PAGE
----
Growth and Instability in Foodgrains Production-An Inter-State Analysis

Production An Inter-State Analysis S Mahendradev Inter-state analysis of foodgrain production taking into account fluctuations weather-adjusted growth rates, the relationship between growth and instability is of importance for understanding the nature of food security at the regional level. This paper, begins with an examination of unadjusted and weather-adjusted growth rates in foodgrains production, reviews trends in instability using a moving period approach and analyses the factors influencing interstate disparities in growth and instability and the consequences of these differences on rural poverty Introduction THIS paper which deals with an inter-state time series analysis of foodgrains production for the period 1960-61 through 1984-85, examines a) Unadjusted and weather adjusted growth rates, b) Trends in instability; c) Relationship between growth and instability The following issues have prompted us to undertake the present study It is well known that weather, particularly rainfall, plays an important role in Indian agriculture since around 70 per cent of the cultivated area is dependent on rainfall and the dry land technology which is being developed in the research stations is yet to reach the fields on any significant scale However, many research studies on Indian agriculture have ignored the weather factor while estimating growth rates in crop production Although some studies have examined the relationship between rainfall and crop production at the all India level, no such analysis has been made at the regional level ' I he present study estimates, apart from the usual unadjusted trend growth rates, weather-adjusted trend growth rates for foodgrains production for each of the 17 major states.

Influence of Socio-Economic Status on Contractual Terms of Tenancy-A Study in Two Delta Villages of Andhra Pradesh

Contractual Terms of Tenancy A Study in Two Delta Villages of Andhra Pradesh C S Murty The hypothesis that the terms and conditions governing the lease agreements are shaped by the bargaining strength of a tenant as reflected by his socio-economic standing, more specially by the relative bargaining power of a lessor- lessee, is statistically tested based on empirical evidence obtained on a census basis from the tenants of two delta villages.

How Stable Is Indian Irrigated Agriculture

B D Dhawan Instability of irrigated farming during the period 1970-71 to 1983-84 is here assessed and compared with the corresponding instability in rainfed farming. That irrigation lowers farm instability is found in nine out of eleven states. For alt the eleven states taken together, the coefficient of variation of detrended output is 5 A per cent for the irrigated segment as against 11.4 per cent for the unirrigated segment Quite expectedly, the stability gain in yield due to irrigation is much more than the corresponding stability gain in crop area. It is in the two high rainfall states of Bihar and Madhya Pradesh that irrigation fails to show any moderating influence on agricultural instability.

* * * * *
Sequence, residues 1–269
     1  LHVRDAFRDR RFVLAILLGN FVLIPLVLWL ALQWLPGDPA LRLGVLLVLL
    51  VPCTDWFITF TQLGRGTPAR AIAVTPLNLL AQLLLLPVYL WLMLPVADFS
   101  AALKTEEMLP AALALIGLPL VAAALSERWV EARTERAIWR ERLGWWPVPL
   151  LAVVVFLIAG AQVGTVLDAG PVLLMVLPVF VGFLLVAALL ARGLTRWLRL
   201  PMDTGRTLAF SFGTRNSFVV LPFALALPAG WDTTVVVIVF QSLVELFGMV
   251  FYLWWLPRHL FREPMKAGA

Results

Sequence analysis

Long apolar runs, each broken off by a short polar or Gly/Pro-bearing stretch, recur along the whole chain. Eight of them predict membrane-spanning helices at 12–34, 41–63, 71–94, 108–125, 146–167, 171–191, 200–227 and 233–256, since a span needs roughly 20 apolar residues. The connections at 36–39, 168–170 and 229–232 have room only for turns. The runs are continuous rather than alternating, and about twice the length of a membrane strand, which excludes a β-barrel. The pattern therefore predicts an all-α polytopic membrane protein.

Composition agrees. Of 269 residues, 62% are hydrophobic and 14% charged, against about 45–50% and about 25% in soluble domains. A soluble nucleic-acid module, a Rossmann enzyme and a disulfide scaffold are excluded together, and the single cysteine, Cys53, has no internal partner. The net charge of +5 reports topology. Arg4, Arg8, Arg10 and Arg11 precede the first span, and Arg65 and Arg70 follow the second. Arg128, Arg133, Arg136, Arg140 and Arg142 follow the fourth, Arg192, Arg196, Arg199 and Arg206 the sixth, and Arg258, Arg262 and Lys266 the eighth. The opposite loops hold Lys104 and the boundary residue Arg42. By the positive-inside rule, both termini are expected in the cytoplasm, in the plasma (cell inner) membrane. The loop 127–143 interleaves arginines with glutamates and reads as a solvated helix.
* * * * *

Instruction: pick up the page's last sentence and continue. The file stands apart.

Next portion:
Concurrent Evaluation of IRDP-Selected Aspects for Administrative Follow-up

Selected Aspects for Administrative Follow-up A P Saxena This paper discusses some aspects of a concurrent evaluation of the Integrated Rural Development Programme carried out by the Department of Rural Development, Ministry of Agriculture. Only those aspects with an administrative focus and content have been chosen for discussion. These are selection of beneficiaries, delays in providing actual assistance, linkages with other programmes, after care support and training of beneficiaries. The existing structure and processes cannot perform their role of helping the poor and the resulting procedures are in need of reform.

Age and Productivity of Machine Tools in India

P Mohanan Pillai J Srinivasan Given the capacity utilisation two major factors are alleged to contribute to low poductivity of Indian industries. They are (I) over-manning of the existing capital stock leading to an increase in the capital-labour ratio, and (2) the presence of old capital stock, i e, prolonging the life of capital to the extent of outliving its economic utility. It is because of the latter that the impression that our machine tools are obsolete has received credence though this hypothesis has not been empirically tested. In the light of data provided by the machine tool surveys this paper attempts to determine the age of machine tools in India. Though productivity of this industry is stagnant or falling, Indian machine tools are of relatively newer vintage. This phenomenon of young machine stock and low productivity can be explained in terms of the strategy of diversification, import of technology and organisation of production.